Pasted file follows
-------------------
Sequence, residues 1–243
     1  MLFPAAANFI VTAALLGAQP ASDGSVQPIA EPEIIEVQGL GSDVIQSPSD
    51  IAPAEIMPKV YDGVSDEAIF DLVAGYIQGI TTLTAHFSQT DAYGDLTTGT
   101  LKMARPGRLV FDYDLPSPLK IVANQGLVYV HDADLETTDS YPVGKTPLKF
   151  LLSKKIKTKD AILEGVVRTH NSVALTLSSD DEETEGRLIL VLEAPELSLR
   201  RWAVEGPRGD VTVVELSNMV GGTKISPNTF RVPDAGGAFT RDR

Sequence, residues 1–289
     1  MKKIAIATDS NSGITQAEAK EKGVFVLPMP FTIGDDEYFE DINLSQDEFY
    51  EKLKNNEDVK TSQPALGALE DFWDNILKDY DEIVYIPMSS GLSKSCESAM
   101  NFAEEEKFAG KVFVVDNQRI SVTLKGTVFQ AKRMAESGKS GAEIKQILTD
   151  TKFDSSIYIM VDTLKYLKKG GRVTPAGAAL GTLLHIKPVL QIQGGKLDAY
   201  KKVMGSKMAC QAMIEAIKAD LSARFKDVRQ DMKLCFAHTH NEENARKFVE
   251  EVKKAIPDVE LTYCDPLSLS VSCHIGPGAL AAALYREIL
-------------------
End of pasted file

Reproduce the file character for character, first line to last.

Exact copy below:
Sequence, residues 1–243
     1  MLFPAAANFI VTAALLGAQP ASDGSVQPIA EPEIIEVQGL GSDVIQSPSD
    51  IAPAEIMPKV YDGVSDEAIF DLVAGYIQGI TTLTAHFSQT DAYGDLTTGT
   101  LKMARPGRLV FDYDLPSPLK IVANQGLVYV HDADLETTDS YPVGKTPLKF
   151  LLSKKIKTKD AILEGVVRTH NSVALTLSSD DEETEGRLIL VLEAPELSLR
   201  RWAVEGPRGD VTVVELSNMV GGTKISPNTF RVPDAGGAFT RDR

Sequence, residues 1–289
     1  MKKIAIATDS NSGITQAEAK EKGVFVLPMP FTIGDDEYFE DINLSQDEFY
    51  EKLKNNEDVK TSQPALGALE DFWDNILKDY DEIVYIPMSS GLSKSCESAM
   101  NFAEEEKFAG KVFVVDNQRI SVTLKGTVFQ AKRMAESGKS GAEIKQILTD
   151  TKFDSSIYIM VDTLKYLKKG GRVTPAGAAL GTLLHIKPVL QIQGGKLDAY
   201  KKVMGSKMAC QAMIEAIKAD LSARFKDVRQ DMKLCFAHTH NEENARKFVE
   251  EVKKAIPDVE LTYCDPLSLS VSCHIGPGAL AAALYREIL